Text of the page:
(Amman) – The prominent Jordanian writer Nahed Hattar was murdered on September 25, 2016, as he entered an Amman court to stand trial for insulting religion.
Authorities arrested Hattar on August 13, after he posted an anti-ISIS cartoon to his Facebook page in which the cartoonist depicted God’s face. Following the posting, Prime Minister Hani al-Mulqi ordered Interior Minister Salama Hammad to investigate Hattar, leading the next day to his arrest. He was held in Marka Prison until September 8, then released on bail. Local media extensively reported on the case, though the authorities on August 14 issued a gag order on further reporting.
“Nahed Hattar’s senseless murder in front of an Amman courthouse comes on the heels of the government’s senseless charges against him over a cartoon he posted to his Facebook page,” said Sarah Leah Whitson, Middle East director at Human Rights Watch. “Arbitrary prosecutions for defamation of religion stigmatize individuals and make them targets for vigilante reprisals.”
Jordan’s new cabinet should take immediate steps to introduce legislation to remove defamation of religion charges from the country’s penal code. The charges limit free speech and put anyone charged with such an offense in danger, Human Rights Watch said.
Hattar, 56, was a well-known Jordanian writer and political commentator. His posting of the cartoon on August 12 ignited controversy. The cartoon, titled “In Heaven,” depicts a jihadi fighter in bed with two women. The fighter orders God, whose white-bearded face is depicted, to bring him wine and other items and to send someone to clean up the dirty dishes.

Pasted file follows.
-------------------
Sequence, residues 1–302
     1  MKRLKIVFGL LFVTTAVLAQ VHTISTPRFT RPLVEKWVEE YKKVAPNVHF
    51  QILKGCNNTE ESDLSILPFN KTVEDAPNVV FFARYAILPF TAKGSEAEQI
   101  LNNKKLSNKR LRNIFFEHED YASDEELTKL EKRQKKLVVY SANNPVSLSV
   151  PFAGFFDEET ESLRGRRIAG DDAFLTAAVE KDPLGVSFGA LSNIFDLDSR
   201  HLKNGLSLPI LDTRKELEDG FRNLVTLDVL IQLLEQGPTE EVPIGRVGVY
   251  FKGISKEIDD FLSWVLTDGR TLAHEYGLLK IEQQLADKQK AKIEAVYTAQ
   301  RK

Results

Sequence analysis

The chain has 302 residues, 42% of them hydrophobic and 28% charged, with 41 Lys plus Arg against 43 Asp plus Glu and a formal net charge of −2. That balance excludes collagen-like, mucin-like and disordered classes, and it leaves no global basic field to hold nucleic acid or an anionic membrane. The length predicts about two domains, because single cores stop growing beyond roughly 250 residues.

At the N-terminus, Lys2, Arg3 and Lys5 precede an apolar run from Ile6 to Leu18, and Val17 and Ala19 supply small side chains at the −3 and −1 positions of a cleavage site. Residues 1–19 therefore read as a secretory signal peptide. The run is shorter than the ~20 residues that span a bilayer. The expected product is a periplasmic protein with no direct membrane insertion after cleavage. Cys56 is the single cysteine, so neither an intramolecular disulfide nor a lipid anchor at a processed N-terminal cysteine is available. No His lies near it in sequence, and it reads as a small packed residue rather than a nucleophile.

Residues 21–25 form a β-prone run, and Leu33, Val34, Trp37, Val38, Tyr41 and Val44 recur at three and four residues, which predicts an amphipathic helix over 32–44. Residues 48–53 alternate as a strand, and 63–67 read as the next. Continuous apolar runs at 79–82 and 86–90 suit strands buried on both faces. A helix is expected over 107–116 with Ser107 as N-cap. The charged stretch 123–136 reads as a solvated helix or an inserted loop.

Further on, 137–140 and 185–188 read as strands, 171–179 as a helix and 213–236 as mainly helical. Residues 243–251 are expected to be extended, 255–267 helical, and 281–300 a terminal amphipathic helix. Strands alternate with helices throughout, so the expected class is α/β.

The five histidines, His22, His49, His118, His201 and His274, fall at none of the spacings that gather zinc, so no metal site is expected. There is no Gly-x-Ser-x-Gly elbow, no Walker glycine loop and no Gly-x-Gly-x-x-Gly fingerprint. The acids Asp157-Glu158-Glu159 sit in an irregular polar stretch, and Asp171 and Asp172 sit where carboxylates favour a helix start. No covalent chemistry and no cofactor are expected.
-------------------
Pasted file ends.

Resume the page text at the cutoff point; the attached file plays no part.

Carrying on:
The authorities charged Hattar with “inciting sectarian strife” and publishing material that insults “other people’s religious feelings” under articles 150 and 278 of Jordan’s penal code. The “inciting sectarian strife” charge can carry up to three years in prison. Authorities released Hattar on bail on September 8.
According to media reports, at 9 a.m. on September 25, Hattar was approaching the front steps of the Palace of Justice, a major court complex in the Abdali neighborhood in central Amman, to attend a court session relating to these charges, when a gunman approached and shot him three times, killing him. Hattar’s family members and police apprehended the gunman.
Jordan’s cabinet, as well as the Islamic Action Front, which is the Muslim Brotherhood’s political party, and Jordanian nongovernmental groups quickly condemned the murder. Later in the day, a Jordanian prosecutor referred Hattar’s alleged assailant to trial before Jordan’s State Security Court on murder and terrorism charges.
According to media reports, Hattar’s family has refused to claim his body until authorities take action against those who incited violence against him.
Human Rights Watch has documented previous cases in which authorities pursued defamation of religion charges. In 2013, authorities employed the same charges used in the Hattar case to jail and try five university students after other students alleged they had desecrated a Quran and engaged in “devil worship.” The court eventually convicted the students and sentenced them to time served.
“Jordanian authorities should recognize that ’defamation of religion’ laws and prosecutions effectively contribute to violent extremism,” Whitson said. “The government should immediately suspend prosecutions for defamation of religion, move to repeal the provisions from its penal code, and allow citizens to engage in peaceful debate even of ‘taboo’ subjects.”